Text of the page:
RED LIST: Construction Materials in Marine Environments

Perkins + Will Architects developed a Precautionary List of materials commonly found in the built environment that may have the potential to cause harm to humans and the environment.  “Red List” materials include substances that have been classified by multiple regulatory agencies as having detrimental effects on humans, and unabridged Architecture believes that these materials should not be used in our projects if alternatives are available.  Many of our projects are constructed in coastal environments, and have a direct impact on aquatic life and water quality.  For the Marine Education Center in Ocean Springs, Mississippi, we adapted the list to consider the impact on the marine environment: acute toxicity to animals, chronic toxicity to animals, toxicity to plants, and bioaccumulation.

 

The health effects of asphalt fumes on humans include headaches, skin rashes and skin cancer, throat and eye irritation, and coughing.  When asphalt is subjected to storm surge, it deteriorates into small pieces, leaching petrochemical components, and releasing glass and other aggregates into the land and water.  The impermeability of asphalt may also increase stormwater velocity, causing erosion.  Alternatives for asphalt roadways include concrete or gravel.

 

Metal with high zinc content is used for galvanized roofs and hurricane strapping in many coastal regions.  Although zinc is beneficial to humans, it can be toxic for marine organisms, invertebrates, and algae which form the food sources for larger fish, mammals, and birds, and cause bioaccumulation.  Zinc production also releases cadmium, a known human carcinogen and cardiovascular toxicant.  Many other metals are undesirable; copper is known to be toxic to aquatic life and suspected to be toxic in humans; tin, when combined with carbon, forms organotin compounds which are often used in ship or underwater structures, although they are reproductive and respiratory toxicants; and aluminum, which may have toxic effects on aquatic organisms. Alternatives that are better for marine life include stainless steel (which may contain chromium compounds linked to asthma in humans) or sheet metal with a painted finish (although these may contain Volatile Organic Compounds, which are known human carcinogens and toxicants.)

 

Wood is commonly used in construction for framing, cladding, and cabinetry, and is generally acclaimed as an innocuous and natural material.  However, when wood is exposed to weather, such as in outside decks, rafter tails, or bulkheads, it must be treated to resist rot and insect damage, and the treatment has the potential to harm the environment.  Chemicals used in wood preservatives – chromium, zinc, creosote, arsenic – have been linked to cancer and asthma in humans, and …  Until 2004, construction wood was treated with chromated copper arsenic, or CCA, although this method of treatment may still be used for pier and dock construction in the marine environment.  The most common wood treatment is alkaline copper quaternary or ACQ, which still uses copper particles, with suspected effects including blood, developmental, reproductive, and respiratory gastrointestinal toxicity in humans.  The coal-tar preservative creosote is still used in roofing materials, utility poles, and railroad ties.  Creosote is regulated as a pesticide, and consists of aromatic hydrocarbons including benzene, toluene, ethylbenzene and xylene (BTEX), and exposure can produce neurological impairment, hematological effects, and cancer in humans.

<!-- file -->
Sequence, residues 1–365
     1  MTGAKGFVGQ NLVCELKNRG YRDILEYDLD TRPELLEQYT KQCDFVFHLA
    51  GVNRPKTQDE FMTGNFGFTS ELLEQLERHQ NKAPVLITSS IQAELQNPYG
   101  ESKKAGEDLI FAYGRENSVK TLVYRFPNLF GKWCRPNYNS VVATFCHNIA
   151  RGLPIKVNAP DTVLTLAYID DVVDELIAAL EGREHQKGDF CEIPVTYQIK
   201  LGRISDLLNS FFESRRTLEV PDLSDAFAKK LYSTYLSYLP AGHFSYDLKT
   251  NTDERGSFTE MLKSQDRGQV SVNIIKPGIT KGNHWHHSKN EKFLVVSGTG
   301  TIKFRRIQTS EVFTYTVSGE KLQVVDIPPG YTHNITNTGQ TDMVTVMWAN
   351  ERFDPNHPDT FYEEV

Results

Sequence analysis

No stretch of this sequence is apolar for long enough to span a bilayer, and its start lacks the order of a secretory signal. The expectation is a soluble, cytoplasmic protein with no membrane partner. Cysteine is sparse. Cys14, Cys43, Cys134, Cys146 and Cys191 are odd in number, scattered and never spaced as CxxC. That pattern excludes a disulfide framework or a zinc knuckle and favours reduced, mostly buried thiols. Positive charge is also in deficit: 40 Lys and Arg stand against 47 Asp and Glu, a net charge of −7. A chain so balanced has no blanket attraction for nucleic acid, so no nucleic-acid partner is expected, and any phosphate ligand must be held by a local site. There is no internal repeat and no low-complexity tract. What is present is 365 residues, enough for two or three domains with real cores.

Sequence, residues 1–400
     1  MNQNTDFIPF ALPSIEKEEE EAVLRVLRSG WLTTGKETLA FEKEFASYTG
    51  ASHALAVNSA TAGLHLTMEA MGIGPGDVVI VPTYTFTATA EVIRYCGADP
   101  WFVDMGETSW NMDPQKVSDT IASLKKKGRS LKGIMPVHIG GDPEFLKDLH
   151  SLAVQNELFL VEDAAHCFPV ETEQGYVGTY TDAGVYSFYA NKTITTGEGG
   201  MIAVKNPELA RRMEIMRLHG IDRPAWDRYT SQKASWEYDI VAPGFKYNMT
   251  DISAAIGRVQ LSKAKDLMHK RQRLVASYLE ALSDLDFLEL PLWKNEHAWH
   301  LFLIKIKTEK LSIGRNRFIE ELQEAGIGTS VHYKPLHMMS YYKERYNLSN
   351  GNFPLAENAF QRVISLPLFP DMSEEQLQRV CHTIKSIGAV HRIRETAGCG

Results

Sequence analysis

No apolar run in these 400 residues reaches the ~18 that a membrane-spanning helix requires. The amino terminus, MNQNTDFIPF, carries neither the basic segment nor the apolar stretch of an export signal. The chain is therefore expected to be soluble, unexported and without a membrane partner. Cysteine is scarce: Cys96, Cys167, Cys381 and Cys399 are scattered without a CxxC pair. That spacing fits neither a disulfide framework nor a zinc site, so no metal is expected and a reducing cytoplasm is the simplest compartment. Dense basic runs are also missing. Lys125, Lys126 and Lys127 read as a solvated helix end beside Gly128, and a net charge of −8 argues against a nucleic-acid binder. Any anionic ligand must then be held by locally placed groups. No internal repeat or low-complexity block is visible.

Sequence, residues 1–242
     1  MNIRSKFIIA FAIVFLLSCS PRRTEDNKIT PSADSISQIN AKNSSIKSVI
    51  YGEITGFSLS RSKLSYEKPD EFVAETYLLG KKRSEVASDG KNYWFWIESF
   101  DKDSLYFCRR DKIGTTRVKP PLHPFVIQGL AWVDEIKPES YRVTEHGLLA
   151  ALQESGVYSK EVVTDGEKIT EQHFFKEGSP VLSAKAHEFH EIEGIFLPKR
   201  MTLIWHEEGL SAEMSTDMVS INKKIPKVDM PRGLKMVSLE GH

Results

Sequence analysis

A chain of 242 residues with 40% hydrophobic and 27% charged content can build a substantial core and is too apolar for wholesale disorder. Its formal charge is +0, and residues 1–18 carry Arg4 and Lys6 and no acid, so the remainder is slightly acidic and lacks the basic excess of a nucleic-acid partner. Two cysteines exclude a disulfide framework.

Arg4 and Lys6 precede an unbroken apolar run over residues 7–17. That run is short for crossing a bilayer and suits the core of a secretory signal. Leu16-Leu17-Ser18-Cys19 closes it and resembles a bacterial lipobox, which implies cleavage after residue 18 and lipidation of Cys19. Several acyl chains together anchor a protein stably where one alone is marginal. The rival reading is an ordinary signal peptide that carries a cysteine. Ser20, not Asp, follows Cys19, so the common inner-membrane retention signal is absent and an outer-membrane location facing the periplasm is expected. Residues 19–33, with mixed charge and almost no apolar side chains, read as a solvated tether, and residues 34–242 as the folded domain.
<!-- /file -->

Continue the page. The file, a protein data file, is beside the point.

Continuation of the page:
The potent carcinogen dioxin is created in the production of PVC (polyvinyl chloride), and may cause severe health problems such as cancer, endocrine disruption, endometriosis, neurological damage, birth defects, impaired child development, reproductive and immune system damage.  Dioxin was a contaminant in the herbicide Agent Orange, and has been found in the Love Canal in Niagara Falls and other toxic sites, causing evacuation of nearby communities.  Dioxins persist in marine sediments, where their effects continue for long periods, and may bioaccumulate through food webs, posing additional risks to humans who consume crabs, shrimp, and fish from these areas.  Vinyl materials are among the most widespread plastic polymers, but alternative materials include rubber and linoleum for flooring; PET plastic for wiring jacketing; cast iron for plumbing pipes; and thermoplastic olefin for waterproofing.

 

Aquatic ecosystems can tolerate some stress and occasional adverse effects, but the built environment within the coastal watershed can form a persistent source of pollutants as rainwater traverses the roofs, edges, and roadways and enters the nearby rivers and seas.  Materials that do not contain harmful substances should be considered if they are cost-effective, meet performance criteria, and offer the desired aesthetic qualities.  If no alternative materials can be identified, collecting and treating runoff before it enters the marine environment may provide some protection for aquatic species.

 

References:

Environmental Protection Agency, National Recommended Water Quality Criteria – Aquatic Life Criteria Table: https://www.epa.gov/wqc/national-recommended-water-quality-criteria-aquatic-life-criteria-table

 

Perkins + Will Transparency Precautionary List: http://transparency.perkinswill.com/Home/PrecautionaryList